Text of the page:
Music | Bittles’ Magazine: The music column from the end of the world
Throughout its brief history the remix has been a vital part of dance music. It allows producers, DJs and engineers to re-interpret a song, add a phat beat and make it relevant for the dance floor. The art of a good remix is to re-interpret the original song and take it somewhere the band, singer, producer didn’t even know it could go. By JOHN BITTLES
Many an artist has built both a reputation and a career through remixing other peoples‘ work. From Tom Moulton, Larry Levan, Danny Krivit in the 70s and early 80s, Hardfloor, Sasha and Carl Craig in the 90s, to Ewan Pearson, Mark E, and DJ Sprinkles today.
Ever since his very first remix of Hallelujah in 1989 one name has stood head and shoulders above the rest . During a rich, varied career he has sculpted and improved tracks by the likes of The Horrors, The Orb, Manic Street Preachers, My Bloody Valentine, James, Björk, Primal Scream, New Order to name but a few. With over 100 remixes to his name Andrew Weatherall is one of the greatest exponents of this skill that you will ever hear.
Born in 1963 in Windsor he first came to prominence through the culture and acid house fanzine Boy’s Own, (which later started up its own record label Junior Boys Own). He was there for the birth of acid house, DJing at Danny Rampling’s Shoom, Paul Oakenfold’s Future/Spectrum, Nicky Holloway’s Trip, and many more. He has produced a string of classic singles and albums as Sabres of Paradise, Two Lone Swordsmen, The Asphodells, and under his own name. He is also responsible for a string of stellar club nights, including Bloodsugar and London’s A Love From Outer Space parties which he still runs and plays at to this day.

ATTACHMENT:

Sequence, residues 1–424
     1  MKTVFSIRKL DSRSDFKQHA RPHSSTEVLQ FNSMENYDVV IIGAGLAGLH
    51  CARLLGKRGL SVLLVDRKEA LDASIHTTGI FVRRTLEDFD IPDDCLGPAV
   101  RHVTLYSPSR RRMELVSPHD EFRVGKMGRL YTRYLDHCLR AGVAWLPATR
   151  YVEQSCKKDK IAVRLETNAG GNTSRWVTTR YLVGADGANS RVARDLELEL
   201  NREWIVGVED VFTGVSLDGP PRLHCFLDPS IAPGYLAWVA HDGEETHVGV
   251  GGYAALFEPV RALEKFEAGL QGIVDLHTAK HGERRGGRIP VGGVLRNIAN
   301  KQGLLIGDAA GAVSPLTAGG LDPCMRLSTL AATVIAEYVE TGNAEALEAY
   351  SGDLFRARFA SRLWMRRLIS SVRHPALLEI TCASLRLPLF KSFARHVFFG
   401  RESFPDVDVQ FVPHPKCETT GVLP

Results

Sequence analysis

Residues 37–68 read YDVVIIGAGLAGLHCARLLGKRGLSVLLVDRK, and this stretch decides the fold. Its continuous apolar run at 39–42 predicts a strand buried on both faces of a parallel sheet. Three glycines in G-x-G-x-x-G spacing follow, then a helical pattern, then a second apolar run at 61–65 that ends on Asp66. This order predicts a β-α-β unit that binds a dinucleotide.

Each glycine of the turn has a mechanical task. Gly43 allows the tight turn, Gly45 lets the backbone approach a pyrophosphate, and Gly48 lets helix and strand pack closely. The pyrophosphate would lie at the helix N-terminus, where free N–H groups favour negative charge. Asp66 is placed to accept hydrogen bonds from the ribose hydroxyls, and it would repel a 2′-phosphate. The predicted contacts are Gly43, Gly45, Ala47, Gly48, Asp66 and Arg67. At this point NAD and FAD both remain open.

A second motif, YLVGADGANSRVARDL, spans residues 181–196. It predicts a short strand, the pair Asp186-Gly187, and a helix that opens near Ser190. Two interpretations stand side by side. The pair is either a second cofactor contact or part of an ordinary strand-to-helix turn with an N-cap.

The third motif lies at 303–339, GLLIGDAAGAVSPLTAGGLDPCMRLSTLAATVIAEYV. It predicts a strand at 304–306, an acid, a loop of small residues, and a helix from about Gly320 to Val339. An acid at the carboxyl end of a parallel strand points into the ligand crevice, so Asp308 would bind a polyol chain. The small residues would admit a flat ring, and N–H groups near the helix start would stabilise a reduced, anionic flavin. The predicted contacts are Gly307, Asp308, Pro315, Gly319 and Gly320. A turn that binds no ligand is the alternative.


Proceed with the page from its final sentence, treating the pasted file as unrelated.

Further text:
But it is the abundance of wonderful remixes created by Andrew Weatherall that we are here to talk about today. Since taking his first tentative steps in partnership with Paul Oakenfold for the Club Mix of Hallelujah by The Happy Mondays, he has taken to this particular art form like a hipster to beards. Some of his most celebrated re-interpretations include turning Only Love Will Break Your Heart by Saint Etienne into a funky trip hop beast, Come Home by indie hopefuls James into a joyous rush of acid house, and Primal Scream cast off I’m Losing More Than I’ll Ever Have into the top 10 smash Loaded.
Because we were bored, and it simply had to be done, me, my cat, and assorted teddy bears formed a focus group one rainy morning to determine once and for all our 20 favourite remixes by Andrew Weatherall. Needless to say, with over 100 remix credits to his name this was somewhat of a task! At times the selection process descended into a seething mass of blood, sweat, stuffing and tears, and I am sad to report that not every friendship survived the ordeal.
Yet, we got there in the end! And what you find before you is our cherry-picked selection of wonderful remixes crafted by Mr. Weatherall’s hand. We have acid house classics, echo laden dubscapes, sublime slo-mo house, furious post-punk funk, and many more aural treats.
Percy X vs Bloodsugar – -3.
Like a dub apocalypse, this is one of those songs which sends shivers rushing up and down my spine each and every time I hear it. Aurally thrilling, and unbelievably deep, it will always sound ahead of its time. Gently building from a lonely distress beacon, the beats enter the fray one minute in, followed closely by some ominous bass to create a fucked-up version of dub, which, in all the best possible ways, messes with your head. Released on techno mainstay Soma Records in 1995, this is unbelievably strange, but may well be the funkiest thing to grace your day.
Primal Scream – Jailbird (Weatherall Dub Chapter 3).
Proof, if it ever were needed, that you really can polish a turd, this refit saw Andrew Weatherall drag Primal Scream out of their Rolling Stones fixation and into a paranoid world which still managed to sound as beautiful as a smile. Wonderfully hazy and unsteady on its feet, this should be used to show would-be drug addicts everywhere that you don’t need to ingest illegal substances in order to feel gloriously stoned. The moment when the synth line comes in towards the very end gets me every single time.
Emiliana Torrini -Speed Of Dark (Andrew Weatherall Remix).
A low-slung bass which recalls the spaghetti westerns of Sergio Leone, a mid-paced synth-line, and Emiliana’s bewitching voice are all it takes to form a stand-out piece of Balearic brilliance. With a lazy, can’t be bothered tempo, the song is stretched-out to the ten minutes mark to create a track which manages to appear darkly introspective and like a lost disco classic at the same time. Rarely has the Icelandic singer sounded better than in the moustachioed geniuses guiding hands.
One Dove – White Love (Weatherall’s Guitar Paradise Mix)